The assets and sprite sheets are automatically updated in Unity when changes are found. No manual intervention required!

Use the symbol next to the texture item to display the individual sprites. To create an animation simply select the frames and drag them onto the scene.

Unity Assets folder structure

Now you can use your sprites as usual, directly from the editor.

You can, of course, also access the sprite through the scripting API:

Pivot point editor

TexturePacker contains an easy to use pivot point editor with real time animation preview.

Select your sprites in the left panel and click on Sprite settings in the top toolbar. Pivot points are represented by a circle. You can select multiple shapes and move all pivot points at once.

Use Anim preview from the top toolbar to see an animation of the selected sprites. Changes to the pivot points are updated while you edit them.

The right panel contains edits to set the pivot points in absolute and relative coordinates. The relative coordinates use the range of 0 — 1 where 0/0 is in the bottom left of the sprite.

The Predefined combo-box let you choose from the standard positions in the corners and center of the sprite.

You can also set the default values for new sprites by clicking the arrow button on the right panel.

Border editor (9-patch, 3-patch)

TexturePacker also supports editing of sprite borders — also know as 9-patch or 3-patch sprites.

You can use this feature to create scalable buttons, bars and other objects with a defined stretch.

A sprite is cut into 3 (x or y direction) or 9 parts (x and y direction). The parts of the sprite in the corners are fixed. The others stretch when the sprite is resized.

9-patch with for Unity sprites

You can enable the border setting for individual sprites from the Sprite settings in the top toolbar.

Drag the green lines to separate the 9 segments for a 9-patch sprite. Move the unused lines to the top/bottom or left/right to create 3-patch sprites.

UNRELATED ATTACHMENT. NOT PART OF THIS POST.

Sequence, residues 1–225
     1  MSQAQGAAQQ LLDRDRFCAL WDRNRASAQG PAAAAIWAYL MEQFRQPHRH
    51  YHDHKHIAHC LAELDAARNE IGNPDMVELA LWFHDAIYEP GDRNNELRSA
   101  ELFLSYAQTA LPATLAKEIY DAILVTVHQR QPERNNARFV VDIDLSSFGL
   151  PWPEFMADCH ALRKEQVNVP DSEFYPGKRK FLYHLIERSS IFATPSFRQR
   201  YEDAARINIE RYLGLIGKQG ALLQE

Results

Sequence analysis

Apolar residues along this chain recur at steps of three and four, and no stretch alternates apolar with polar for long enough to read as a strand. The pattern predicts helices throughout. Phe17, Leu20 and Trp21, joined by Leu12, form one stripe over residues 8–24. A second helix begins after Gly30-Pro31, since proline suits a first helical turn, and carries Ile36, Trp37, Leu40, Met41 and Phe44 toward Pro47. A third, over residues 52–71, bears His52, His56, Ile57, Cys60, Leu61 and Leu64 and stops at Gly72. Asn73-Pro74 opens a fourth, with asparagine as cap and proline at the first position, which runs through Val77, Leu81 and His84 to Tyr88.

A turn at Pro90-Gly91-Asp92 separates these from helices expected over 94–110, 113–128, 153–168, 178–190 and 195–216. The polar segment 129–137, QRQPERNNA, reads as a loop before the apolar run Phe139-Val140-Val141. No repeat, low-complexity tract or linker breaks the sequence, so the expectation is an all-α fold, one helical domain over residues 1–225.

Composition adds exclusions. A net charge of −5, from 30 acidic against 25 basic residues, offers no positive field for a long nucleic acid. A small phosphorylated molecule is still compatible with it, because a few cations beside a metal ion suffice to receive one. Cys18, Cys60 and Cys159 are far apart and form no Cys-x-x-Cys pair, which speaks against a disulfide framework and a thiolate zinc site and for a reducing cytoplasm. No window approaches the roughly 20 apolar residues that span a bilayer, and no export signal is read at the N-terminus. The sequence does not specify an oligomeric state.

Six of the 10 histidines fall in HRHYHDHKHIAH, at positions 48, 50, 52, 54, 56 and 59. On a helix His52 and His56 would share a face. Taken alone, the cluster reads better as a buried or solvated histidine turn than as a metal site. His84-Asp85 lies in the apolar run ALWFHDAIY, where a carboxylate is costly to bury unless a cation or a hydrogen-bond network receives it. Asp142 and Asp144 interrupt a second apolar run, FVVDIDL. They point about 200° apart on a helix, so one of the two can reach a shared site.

Unity UI

The UI classes of Unity ignore the polygon mesh information by default and simply use rectangular sprites. The result is that you can see some artifacts from other sprites with polygon packing enabled.

The simple solution to get rid of these artifacts is to set useSpriteMesh to true.

Applying pivot points and sizes to UI Image objects

Unity automatically copies the parts of the sprite properties into the UI image on creation. The problem is that Unity does not copy all values — and even worse — it does not update the values when the sprite details like pivot point or size change.

We've added a small tool that helps you update the UI Image objects. You can find it in the UI context menu. It's called Set Native Size + Pivot:

Apply pivot points and sizes to Unity UI Image
Updating UI Image objects with pivot points and image sizes

How can I access a sprite on a sprite sheet from code?

If you place a sprite on a sprite sheet, it cannot be loaded separately like Resources.Load<Sprite>("sprite01"). One advantage of a sprite sheet is to improve speed by loading all sprites in a bunch instead of reading each file separately. So calling Resources.LoadAll<Sprite>("my_spritesheet") is the right way to load the sprite sheet file and get access to all sprites which are on it.

It's a deficiency of the Unity API that Resources.LoadAll<Sprite> returns an array instead of a dictionary. So you have to iterate over the Sprite[] and compare the sprite names to find a specific sprite.

The even better solution might be to construct a dictionary yourself:

Sprite[] sprites = Resources.LoadAll("my_spritesheet");
Dictionary spritesDict = new Dictionary();

foreach (Sprite sprite in sprites)
    spritesDict(sprite.name, sprite)


sprite1 = spritesDict["sprite01"];

Please keep in mind that you have to place your sprite sheet in a Resources folder to be able to l oad it with the methods of the Resources class. For details have look in Unity's Resources documentation.

Load sprite sheets from AssetBundles

In Unity an AssetBundle is an archive file containing assets which can be loaded at runtime. If you have added sprite sheets to Asset Bundles you can load them in this way:

AssetBundle bundle = AssetBundle.LoadFromFile("Assets/AssetBundles/MyBundle");
if (bundle != null)
    Sprite[] sprites = bundle.LoadAssetWithSubAssets("MySpriteSheet");

To access the sprites by name you can use a dictionary as explained in the previous section.


TexturePacker simplifies the workflow for your sprites in Unity - automating the whole process.

Changing your sprites is quite simple: